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This article is about the Shi'a view of Abu Bakr, the first Sunni Caliph.


Shi'a believe he and Umar conspired to take over power over the Muslim nation after the death of Muhammad – a coup d'état against Ali.

Hijra — 620

Shi'a do not view Abu Bakr's being with Muhammad in the cave as a meritorious act. They argue that being there did not constitute a merit in itself, as any merit should be derived from his action and behavior there. Then, they quote Sunni sources:

Narrated Abu Bakr: I was with the Prophet in the Cave. When I raised my head, I saw the feet of the people. I said, "O Allah's Apostle! If some of them should look down, they will see us." The Prophet said, "O Abu Bakr, be quiet! (For we are) two and Allah is the Third of us."[1]

Shi'a argue that a behavior that resulted in Muhammad responding "O Abu Bakr, be quiet!" can not be constituted as meritorious, especially when compared to Ali, who voluntarily slept in the bed of Muhammad essentially risking his life. It is Ali's meritorious act that saw the following Quraanic verse revealed

and there is the type of man who gives his life willingly to earn the pleasures of Allah; and Allah is full of kindness to his devotees- [2:207]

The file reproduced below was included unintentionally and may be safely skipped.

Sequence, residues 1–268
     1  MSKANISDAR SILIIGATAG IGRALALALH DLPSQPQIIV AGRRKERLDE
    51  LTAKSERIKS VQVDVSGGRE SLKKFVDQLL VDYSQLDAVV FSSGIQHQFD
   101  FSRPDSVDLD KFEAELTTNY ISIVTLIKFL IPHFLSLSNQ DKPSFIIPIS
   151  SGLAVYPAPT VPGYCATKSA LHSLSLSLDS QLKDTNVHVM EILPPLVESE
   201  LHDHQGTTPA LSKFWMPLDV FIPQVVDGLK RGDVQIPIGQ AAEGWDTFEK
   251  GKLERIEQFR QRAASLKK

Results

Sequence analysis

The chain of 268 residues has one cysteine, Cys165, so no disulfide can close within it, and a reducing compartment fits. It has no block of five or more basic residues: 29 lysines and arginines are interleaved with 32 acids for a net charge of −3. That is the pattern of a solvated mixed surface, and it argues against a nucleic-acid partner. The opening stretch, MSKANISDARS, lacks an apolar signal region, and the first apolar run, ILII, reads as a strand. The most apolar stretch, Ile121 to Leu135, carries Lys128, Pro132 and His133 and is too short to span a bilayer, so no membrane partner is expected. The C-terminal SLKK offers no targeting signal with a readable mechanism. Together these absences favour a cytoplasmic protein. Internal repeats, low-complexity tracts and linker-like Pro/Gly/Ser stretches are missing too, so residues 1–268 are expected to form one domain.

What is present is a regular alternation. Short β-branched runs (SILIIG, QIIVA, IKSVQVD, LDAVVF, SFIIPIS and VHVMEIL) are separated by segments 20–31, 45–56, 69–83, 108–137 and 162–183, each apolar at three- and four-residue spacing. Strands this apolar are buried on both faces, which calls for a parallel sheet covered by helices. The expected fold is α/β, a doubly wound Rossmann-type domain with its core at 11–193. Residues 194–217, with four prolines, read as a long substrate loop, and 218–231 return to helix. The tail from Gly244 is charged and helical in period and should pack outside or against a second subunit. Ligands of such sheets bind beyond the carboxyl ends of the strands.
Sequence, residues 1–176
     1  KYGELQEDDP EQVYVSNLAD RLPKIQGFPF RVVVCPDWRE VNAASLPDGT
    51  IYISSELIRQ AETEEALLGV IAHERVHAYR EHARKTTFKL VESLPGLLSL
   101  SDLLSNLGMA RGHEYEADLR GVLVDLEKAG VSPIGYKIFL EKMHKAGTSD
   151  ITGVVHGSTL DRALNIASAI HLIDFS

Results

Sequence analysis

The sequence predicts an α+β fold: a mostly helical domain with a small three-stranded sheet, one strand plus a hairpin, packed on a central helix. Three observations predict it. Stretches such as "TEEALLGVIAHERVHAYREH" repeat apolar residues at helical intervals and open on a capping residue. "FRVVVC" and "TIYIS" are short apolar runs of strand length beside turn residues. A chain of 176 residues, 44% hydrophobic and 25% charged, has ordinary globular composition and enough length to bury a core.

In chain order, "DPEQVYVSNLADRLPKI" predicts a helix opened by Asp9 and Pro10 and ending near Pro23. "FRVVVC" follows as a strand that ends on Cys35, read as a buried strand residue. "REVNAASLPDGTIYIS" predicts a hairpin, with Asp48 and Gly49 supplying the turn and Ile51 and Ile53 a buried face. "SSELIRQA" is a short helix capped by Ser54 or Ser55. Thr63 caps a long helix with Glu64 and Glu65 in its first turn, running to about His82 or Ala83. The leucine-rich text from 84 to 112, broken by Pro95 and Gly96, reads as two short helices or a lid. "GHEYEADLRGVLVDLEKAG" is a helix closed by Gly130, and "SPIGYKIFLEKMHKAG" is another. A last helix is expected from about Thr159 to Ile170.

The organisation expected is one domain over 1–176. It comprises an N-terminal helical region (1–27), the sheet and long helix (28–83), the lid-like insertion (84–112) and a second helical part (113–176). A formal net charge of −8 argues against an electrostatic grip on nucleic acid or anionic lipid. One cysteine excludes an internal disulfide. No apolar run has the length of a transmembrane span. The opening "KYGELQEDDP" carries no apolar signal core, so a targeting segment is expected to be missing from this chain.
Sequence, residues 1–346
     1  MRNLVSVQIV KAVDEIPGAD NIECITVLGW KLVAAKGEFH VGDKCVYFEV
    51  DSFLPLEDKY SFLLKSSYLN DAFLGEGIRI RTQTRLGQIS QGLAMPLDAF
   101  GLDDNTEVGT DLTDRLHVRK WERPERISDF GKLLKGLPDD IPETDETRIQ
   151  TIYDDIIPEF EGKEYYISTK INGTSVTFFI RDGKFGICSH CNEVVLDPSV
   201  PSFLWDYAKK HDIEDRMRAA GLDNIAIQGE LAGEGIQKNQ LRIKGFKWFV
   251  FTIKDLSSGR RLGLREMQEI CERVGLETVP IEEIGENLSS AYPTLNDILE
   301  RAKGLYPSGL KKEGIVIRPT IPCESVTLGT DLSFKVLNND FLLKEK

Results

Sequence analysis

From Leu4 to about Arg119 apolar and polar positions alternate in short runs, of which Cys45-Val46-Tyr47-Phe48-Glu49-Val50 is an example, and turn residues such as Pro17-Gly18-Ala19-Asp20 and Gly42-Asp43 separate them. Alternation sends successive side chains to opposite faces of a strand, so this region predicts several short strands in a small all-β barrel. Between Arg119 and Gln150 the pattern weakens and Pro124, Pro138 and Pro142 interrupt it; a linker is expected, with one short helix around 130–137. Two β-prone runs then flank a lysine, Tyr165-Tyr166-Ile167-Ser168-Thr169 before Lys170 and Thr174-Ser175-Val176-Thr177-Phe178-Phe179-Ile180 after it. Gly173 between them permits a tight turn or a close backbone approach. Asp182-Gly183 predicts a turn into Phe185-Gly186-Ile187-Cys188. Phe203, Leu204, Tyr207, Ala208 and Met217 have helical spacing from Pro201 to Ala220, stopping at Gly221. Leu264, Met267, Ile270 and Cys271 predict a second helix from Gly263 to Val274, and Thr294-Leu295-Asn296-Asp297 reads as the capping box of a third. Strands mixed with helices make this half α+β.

whereas the preceding verse, verse 204, was suiting for Abu Bakr

there is the type of man whose speeches about the worlds life may dazzle thee...Yet he is the most contentious of enemies.. and when he turns his back, his aim everywhere is to spread mischief through the earth and destroy crops and progeny, but Allah loveth not mischief- [2:204–205]

Some Sunnis say that the fact that Abu Bakr was referred to as the "Companion" (Sahib) of the Prophet in the Cave, in the Qur'an, shows his high status. However, Shi'a claim that this word does not represent a high status at all. In the Qur'an, Yusuf (Joseph) talks to two disbelievers in prison who are referred to as his "Companions" for the sole reason that they are in close physical proximity to him, clearly showing that the word "Companion" in the Qur'an does not represent a high status, but just may describe the physical proximity of someone to another person. The word "Sahib" used for Abu Bakr however is used to refer to Muhammad at quite a few times describing him as "The companion who is not possessed".

Coup d'état — 632